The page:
End stage heart failure is a major challenge in the developed countries. Heart transplantation, the treatment of choice, is limited by organ supply. Left ventricular assist device (LVAD) support for the heart, is an alternative treatment. It has, however, severe complications, including stroke and pump thrombosis. Accurate diagnosis of These complications is lacking. Increased third harmonic (pump speed x 3) amplitude on pump sounds analysis has been shown to correlate with pump thrombosis. However, it’s intermittent nature and varied signal quality led to low reproducibility between studies.
In this thesis we tested in vitro (paper I, III) and in vivo (paper II, III) a novel accelerometer-based detection of thromboembolism and pump thrombosis in LVAD. We hypothesized that an accelerometer would detect changes in vibration pattern under thromboembolism and pump thrombosis.
LVAD vibrations were recorded by an accelerometer attached to the LVAD housing. Signal changes under thromboembolism were compared with control interventions.
Thromboembolism detection: Thromboembolic events led to acute significant increased amplitude in the third harmonic (paper I and paper II) (ROC analysis area under the curve > 90%). Analyzing changes in the nonharmonic frequencies further improved the positive predictive value of the method by 8.3% (paper III).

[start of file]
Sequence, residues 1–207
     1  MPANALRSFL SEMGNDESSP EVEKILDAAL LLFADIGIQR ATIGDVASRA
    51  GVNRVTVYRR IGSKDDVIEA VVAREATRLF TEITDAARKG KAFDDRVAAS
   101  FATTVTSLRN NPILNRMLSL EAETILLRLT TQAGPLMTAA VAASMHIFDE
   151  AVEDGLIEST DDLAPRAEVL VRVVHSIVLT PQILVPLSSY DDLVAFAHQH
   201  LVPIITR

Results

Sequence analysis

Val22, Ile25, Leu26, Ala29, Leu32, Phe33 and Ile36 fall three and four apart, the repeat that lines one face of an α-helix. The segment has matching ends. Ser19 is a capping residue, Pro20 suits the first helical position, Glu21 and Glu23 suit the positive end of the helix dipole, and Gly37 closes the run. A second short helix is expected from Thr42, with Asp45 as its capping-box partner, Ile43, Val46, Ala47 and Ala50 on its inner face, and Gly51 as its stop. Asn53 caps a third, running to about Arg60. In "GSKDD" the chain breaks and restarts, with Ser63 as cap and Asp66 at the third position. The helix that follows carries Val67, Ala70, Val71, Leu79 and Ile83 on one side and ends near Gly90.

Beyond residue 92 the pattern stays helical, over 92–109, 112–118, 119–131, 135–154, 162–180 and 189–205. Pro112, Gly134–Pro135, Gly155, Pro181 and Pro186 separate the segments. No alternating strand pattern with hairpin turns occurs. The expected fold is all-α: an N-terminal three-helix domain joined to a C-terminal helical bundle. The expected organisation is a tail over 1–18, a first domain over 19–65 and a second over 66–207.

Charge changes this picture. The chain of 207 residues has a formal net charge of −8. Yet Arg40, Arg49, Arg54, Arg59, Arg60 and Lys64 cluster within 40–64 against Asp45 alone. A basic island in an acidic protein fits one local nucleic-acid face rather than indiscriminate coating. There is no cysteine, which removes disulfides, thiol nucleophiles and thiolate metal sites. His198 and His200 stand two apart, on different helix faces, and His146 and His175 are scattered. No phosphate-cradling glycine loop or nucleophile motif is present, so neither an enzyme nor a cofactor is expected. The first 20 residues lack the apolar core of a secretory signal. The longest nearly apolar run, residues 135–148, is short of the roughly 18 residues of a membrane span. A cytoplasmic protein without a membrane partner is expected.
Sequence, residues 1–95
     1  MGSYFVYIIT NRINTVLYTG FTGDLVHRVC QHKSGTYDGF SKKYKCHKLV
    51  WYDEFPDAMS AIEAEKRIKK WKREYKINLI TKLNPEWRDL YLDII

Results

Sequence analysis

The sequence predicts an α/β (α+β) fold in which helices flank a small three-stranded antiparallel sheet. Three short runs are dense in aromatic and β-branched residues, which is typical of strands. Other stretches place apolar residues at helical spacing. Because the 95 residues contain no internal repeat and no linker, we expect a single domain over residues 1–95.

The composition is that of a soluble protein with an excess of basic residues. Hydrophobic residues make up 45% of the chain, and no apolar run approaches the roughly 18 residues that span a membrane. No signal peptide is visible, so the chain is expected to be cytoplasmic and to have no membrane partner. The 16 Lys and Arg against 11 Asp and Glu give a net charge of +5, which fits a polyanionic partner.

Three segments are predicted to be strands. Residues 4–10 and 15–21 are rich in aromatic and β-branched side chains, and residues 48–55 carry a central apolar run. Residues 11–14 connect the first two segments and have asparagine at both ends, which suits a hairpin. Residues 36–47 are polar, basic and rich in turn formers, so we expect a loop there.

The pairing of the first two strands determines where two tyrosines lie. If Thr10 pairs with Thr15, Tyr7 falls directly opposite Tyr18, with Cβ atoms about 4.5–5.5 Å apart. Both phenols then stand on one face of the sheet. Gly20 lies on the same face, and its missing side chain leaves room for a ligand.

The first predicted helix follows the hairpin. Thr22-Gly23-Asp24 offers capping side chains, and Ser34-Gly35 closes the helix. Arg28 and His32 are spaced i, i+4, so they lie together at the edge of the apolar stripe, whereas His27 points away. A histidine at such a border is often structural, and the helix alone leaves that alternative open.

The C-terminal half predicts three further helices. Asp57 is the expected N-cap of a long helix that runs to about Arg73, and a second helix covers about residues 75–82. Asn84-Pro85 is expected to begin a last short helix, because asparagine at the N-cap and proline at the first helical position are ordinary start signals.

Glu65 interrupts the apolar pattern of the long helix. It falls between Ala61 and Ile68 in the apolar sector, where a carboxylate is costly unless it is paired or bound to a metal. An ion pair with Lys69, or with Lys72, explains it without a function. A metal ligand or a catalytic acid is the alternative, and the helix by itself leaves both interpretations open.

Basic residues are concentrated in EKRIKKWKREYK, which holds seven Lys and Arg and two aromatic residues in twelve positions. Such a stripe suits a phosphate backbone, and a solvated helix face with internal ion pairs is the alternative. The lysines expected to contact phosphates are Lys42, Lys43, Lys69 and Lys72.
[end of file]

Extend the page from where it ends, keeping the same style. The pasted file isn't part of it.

Pump thrombosis detection: A subgroup of the thromboembolic events led to persistent signal changes indicating pump thrombosis, which affected either the third harmonic (21.6%), or the nonharmonic frequencies (8.3%). Using both signal changes led to 36% improvement in the positive predictive value of the method (paper III).
The novel accelerometer based LVAD monitoring detected both pump thrombosis and thromboembolic events. It is suitable for real-time continuous monitoring and may open the door to early diagnosis and potentially better response to treatment.